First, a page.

During WWII, the UK was in fact one of the few European economies that grew and with the exception of the USA it was the only other country at war that grew.
The measure of economic growth is GDP (Gross Domestic Product) Per Capita, which takes the value of goods and services that a country produces and divides it by how many people live there. In other words, the higher the GDP Per Capita, the better the standard of living and prosperity.
Following WWII, the speed of economic recovery within the continent was remarkable considering the extent of the destruction and was coined the Golden Age (1950-1970). The UK also grew however, the ratio of its growth compared to the 6 EU founding members declined steadily, from 90% higher in 1945 to 7% lower in 1973. This was one of the driving factors in the UK joining the EU in 1973, to stop our relative economic decline and it has seemed to have worked with growth being comparatively stable ever since.
Today, advocates of Britain leaving the EU parade two economic alternatives, one based on the Commonwealth and another on bilateral free trade treaties. These for various reasons (which you can read more about at Vox.eu) did not work as hoped in the past, so it is unclear why they or alternatives in other forms would be superior to EU membership now. Although I’m aware the reasons for leaving the EU are numerous and are not necessarily always driven by the economics.
However, when we wave goodbye to our far out remainer friends off to seek a better life in Europe because their future has been ruined, I will wonder where they are headed to settle. After all, France, Germany, Italy, Spain and many of the other European Union countries for that matter have nothing really special to shout about economically. The ones that might do, Norway, Iceland or Switzerland are not in the EU themselves.
In fact, if the EU (currently comprised of 28 nations) were an individual state in the United States, the Gross Domestic Product (GDP) Per Capita of 33,120 would rank 49th out of 50, only beating its poorest state of Mississippi at 31,881.
Source: List of US States by GDP per capita – Wikipedia - 2017
What is also interesting, is that within the Top 10 Countries in Europe in terms of GDP Per Capita, the main powerhouses of the EU such as Germany, Belgium or France don’t even feature and in addition to this, out of the Top 5 European countries, only two are in the European Union (Luxembourg and Ireland).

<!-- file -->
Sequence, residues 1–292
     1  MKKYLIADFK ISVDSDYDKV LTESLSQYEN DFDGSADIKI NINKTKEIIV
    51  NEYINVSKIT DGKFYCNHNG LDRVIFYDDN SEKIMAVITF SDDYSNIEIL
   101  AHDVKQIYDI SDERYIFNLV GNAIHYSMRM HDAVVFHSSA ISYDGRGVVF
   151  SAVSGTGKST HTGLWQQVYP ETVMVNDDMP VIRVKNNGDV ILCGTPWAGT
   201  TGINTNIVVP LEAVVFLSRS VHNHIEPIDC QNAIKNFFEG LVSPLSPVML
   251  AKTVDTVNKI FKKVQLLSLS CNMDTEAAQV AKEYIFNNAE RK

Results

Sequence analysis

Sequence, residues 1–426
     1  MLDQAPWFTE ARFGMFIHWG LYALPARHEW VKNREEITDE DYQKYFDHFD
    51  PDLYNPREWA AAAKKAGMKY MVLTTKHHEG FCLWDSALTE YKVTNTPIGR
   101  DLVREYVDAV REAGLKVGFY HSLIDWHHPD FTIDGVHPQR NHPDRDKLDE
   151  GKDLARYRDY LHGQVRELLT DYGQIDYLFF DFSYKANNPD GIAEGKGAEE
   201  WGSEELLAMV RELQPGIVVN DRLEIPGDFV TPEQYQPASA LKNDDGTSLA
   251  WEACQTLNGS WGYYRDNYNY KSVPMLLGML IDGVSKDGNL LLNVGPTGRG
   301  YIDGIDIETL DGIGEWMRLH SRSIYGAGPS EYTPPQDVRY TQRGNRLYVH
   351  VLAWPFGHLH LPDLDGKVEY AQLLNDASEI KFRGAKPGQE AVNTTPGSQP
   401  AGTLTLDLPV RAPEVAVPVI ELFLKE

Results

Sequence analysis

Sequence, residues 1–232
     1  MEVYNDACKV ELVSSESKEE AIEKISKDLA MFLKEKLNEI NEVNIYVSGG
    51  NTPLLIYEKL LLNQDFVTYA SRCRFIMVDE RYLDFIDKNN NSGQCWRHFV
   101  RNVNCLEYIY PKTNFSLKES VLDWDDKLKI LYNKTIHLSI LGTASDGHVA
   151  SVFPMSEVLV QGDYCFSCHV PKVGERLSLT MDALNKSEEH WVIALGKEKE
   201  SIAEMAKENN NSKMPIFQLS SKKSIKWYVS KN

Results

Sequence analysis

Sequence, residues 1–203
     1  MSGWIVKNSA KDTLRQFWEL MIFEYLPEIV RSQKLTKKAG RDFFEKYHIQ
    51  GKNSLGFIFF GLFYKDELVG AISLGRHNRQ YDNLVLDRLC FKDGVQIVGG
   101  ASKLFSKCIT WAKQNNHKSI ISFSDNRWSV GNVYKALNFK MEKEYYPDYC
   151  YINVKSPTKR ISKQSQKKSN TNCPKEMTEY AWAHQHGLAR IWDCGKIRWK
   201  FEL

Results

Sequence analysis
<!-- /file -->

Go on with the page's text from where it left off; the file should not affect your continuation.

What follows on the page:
Productivity and growth are not the only measures where EU member states have fallen behind over the decades, Investment performance has too. Over the period from 1991 to 2018, a £10,000 investment into the various major indices would have yielded the following returns:
Source: Yahoo Finance
Regardless of other external factors and world events, it is easy to see the link between taxes, regulation and red tape and productivity, growth and investment performance.
Instead of recognising and addressing this fatal link between taxation increases and economic prosperity, EU governments, under the auspices of the Organisation for Economic Cooperation and Development (OECD) began a program in 1998 called The Harmful Tax Competition Initiative. It targeted nations with low-tax policies including those in the Caribbean, Eastern Europe and the Pacific region. Many of these nations were poor and desperate to attract international investment but have now been singled out and blacklisted in an effort to stop “unfair tax competition”.
This is ironic as the Competition Commissioner at the European Commission is tasked with seeking out monopolistic practices and enforcing competition among corporations within the EU. A contradiction if, on one hand, competition between corporations is desirable and corporate cartels are undesirable but on the other hand, competition among states to offer more attractive tax rates is wrong and a tax cartel is considered beneficial.
So, while the EU may bring many other benefits to the continent and leaving it may have a negative impact on the UK, certainly in the short term, it does bring to question the effectiveness of the EU’s own economic policies and the overall financial benefits such a cartel brings, as well as challenges the belief that the social safety net provided by the EU through higher taxes mean EU citizens are financially better off.
Either way, the grass will always be greener…
Mark Harrison, "The Economics of World War II: an Overview," in Mark Harrison, ed.,
Economic Growth – Max Roser – www.ourworldindata.org
How International Tax Rates Impact your Investments – Matt Blackman
The 28 Member Countries of the EU – www.europa.eu
Sovereign States in Europe by GDP (nominal) per capita – Wikipedia
List of US States by GDP per capita – Wikipedia
Why did Britain join the EU? A new insight into economic history – Nauro Campos, Fabrizio Coricelli – www.vox.eu
About the Author: Alex Johnston DipFA MLIBF is an FCA authorised financial adviser at Domus Financial Services and advises clients all across the UK.
Disclaimer: This information is intended solely to provide guidance and is not financial advice. Domus Financial Services or Intrinsic cannot accept any responsibility for any action taken or refrained from being taken as a result of the information contained in this article.